New Jersey golf course earns backlash for trying to expand on public land

New Jersey golf course earns backlash for trying to expand on public land

A New Jersey golf course whose founding members include Rudy GiulianiRudy GiulianiNunes declines to answer if he received information from Ukraine lawmaker meant to damage Biden Democratic attorneys criticize House Judiciary Democrats' questioning of Barr Swalwell: Barr has taken Michael Cohen's job as Trump's fixer MORE and New England Patriots owner Robert Kraft is facing criticism over an attempt to expand to public land.

The New York Times reported Thursday that the Liberty National club in Jersey City, N.J., is attempting to expand onto almost 22 acres of land currently in use by the Liberty State Park, a publicly-owned piece of land along the New Jersey coast.

Club owners say the goal is to move the course's 18 holes closer to the coastline in the hopes of attracting larger golf tournaments such as the PGA Tour, which they argue would provide economic benefits to the state.


“If we are not able to accommodate what these tournaments need, then they will simply go somewhere else that can,” Liberty National spokesman Chris Donnelly told the Times.

Any use of the public land for Liberty National would have to be approved by New Jersey's state legislature, which was set to vote on a related piece of legislation on Thursday, according to the Times.

Golfers like Tiger Woods and Bruce Koepka have played in the golf course, the Times reported.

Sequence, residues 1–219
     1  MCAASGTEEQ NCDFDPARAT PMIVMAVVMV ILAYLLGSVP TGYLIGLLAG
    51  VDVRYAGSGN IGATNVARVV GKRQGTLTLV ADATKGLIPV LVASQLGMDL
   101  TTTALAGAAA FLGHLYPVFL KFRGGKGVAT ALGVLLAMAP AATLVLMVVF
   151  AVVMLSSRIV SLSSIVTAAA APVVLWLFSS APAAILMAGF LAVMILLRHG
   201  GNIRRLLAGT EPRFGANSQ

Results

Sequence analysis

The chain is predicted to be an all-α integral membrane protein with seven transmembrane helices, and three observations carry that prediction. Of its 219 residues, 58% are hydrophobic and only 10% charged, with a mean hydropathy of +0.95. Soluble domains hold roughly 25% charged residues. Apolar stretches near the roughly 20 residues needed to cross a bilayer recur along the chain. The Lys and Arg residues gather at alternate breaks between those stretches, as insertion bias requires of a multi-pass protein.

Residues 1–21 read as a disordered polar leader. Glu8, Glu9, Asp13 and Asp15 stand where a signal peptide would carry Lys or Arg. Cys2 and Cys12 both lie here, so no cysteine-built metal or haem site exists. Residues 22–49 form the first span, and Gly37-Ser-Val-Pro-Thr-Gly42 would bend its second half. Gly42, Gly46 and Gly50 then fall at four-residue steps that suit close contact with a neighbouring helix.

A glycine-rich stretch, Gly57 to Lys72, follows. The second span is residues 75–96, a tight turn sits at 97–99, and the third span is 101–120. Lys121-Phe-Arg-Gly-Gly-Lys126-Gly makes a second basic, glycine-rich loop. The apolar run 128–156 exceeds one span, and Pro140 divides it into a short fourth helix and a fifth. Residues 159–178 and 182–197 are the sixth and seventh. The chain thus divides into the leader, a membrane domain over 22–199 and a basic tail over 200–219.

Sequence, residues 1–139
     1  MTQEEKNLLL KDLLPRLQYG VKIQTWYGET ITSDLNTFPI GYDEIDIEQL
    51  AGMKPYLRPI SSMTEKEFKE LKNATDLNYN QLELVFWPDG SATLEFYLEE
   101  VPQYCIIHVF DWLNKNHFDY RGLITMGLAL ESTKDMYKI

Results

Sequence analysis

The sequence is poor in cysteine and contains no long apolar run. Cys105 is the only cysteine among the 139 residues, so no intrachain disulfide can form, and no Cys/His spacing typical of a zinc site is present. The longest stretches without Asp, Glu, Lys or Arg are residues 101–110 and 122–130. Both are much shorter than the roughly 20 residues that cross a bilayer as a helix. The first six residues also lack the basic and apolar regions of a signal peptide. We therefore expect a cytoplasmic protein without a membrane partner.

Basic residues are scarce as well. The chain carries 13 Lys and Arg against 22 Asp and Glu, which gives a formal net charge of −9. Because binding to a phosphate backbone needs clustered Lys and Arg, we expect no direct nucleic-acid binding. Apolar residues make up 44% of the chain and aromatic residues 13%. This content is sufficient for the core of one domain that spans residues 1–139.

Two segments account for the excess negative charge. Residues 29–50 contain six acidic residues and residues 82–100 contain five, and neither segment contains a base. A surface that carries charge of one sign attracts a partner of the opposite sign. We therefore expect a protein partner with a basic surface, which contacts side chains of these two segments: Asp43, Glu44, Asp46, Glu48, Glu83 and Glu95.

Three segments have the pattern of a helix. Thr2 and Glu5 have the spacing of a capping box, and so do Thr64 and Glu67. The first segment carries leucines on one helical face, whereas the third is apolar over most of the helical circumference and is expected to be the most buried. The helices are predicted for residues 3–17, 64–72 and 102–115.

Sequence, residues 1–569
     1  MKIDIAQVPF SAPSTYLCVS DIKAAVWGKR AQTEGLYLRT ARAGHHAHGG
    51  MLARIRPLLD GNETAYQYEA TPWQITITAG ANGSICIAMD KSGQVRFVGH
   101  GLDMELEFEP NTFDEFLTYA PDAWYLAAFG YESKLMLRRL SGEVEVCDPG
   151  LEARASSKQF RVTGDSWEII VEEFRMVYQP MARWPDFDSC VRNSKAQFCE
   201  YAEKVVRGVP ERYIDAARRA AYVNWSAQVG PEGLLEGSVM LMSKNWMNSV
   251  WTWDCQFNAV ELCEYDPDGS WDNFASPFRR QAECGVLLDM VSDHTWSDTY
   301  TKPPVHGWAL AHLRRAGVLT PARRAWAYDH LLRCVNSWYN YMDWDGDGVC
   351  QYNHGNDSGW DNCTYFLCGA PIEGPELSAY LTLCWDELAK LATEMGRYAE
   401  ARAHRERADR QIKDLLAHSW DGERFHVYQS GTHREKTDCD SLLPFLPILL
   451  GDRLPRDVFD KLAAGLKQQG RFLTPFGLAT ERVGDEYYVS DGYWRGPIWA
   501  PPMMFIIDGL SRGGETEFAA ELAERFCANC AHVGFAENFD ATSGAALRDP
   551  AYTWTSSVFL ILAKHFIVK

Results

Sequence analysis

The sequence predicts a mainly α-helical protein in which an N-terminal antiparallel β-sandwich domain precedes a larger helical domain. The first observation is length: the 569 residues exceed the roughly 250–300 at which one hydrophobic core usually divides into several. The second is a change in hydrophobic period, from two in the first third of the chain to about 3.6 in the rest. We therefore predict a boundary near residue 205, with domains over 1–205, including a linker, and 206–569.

President TrumpDonald John TrumpOklahoma City Thunder players kneel during anthem despite threat from GOP state lawmaker Microsoft moving forward with talks to buy TikTok after conversation with Trump Controversial Trump nominee placed in senior role after nomination hearing canceled MORE also visited the club as recently as 2017, when he attended the finale of the Presidents Cup tournament.

A spokesman for New Jersey Gov. Phil Murphy (D) indicated that Liberty National's owners would face resistance from those in state government.

“We generally don’t comment on pending bills,” Mahen Gunaratna said. “But the governor believes that Liberty State Park is a New Jersey treasure that belongs to every family. He is a strong supporter of protecting our public lands for the benefit of everyone.”

“To me, it’s really just an obscenity,” added Rick Cordner, treasurer of Friends of Liberty State Park, an advocacy group devoted to stopping the expansion, in an interview with the Times. “It breaks my heart to think there could be a bulldozer out there plowing it under for a golf course.”